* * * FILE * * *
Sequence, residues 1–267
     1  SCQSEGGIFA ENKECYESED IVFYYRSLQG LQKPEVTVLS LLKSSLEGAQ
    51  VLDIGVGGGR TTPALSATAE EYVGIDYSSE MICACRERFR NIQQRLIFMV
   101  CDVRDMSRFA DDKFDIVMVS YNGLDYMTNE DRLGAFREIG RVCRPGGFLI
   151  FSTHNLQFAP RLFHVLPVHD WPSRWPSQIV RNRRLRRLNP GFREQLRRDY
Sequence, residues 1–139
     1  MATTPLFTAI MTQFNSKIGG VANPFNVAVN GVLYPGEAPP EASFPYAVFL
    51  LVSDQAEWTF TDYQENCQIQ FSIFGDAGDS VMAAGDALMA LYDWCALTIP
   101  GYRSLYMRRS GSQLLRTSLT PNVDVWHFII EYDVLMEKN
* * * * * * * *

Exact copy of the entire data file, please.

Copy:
Sequence, residues 1–267
     1  SCQSEGGIFA ENKECYESED IVFYYRSLQG LQKPEVTVLS LLKSSLEGAQ
    51  VLDIGVGGGR TTPALSATAE EYVGIDYSSE MICACRERFR NIQQRLIFMV
   101  CDVRDMSRFA DDKFDIVMVS YNGLDYMTNE DRLGAFREIG RVCRPGGFLI
   151  FSTHNLQFAP RLFHVLPVHD WPSRWPSQIV RNRRLRRLNP GFREQLRRDY
Sequence, residues 1–139
     1  MATTPLFTAI MTQFNSKIGG VANPFNVAVN GVLYPGEAPP EASFPYAVFL
    51  LVSDQAEWTF TDYQENCQIQ FSIFGDAGDS VMAAGDALMA LYDWCALTIP
   101  GYRSLYMRRS GSQLLRTSLT PNVDVWHFII EYDVLMEKN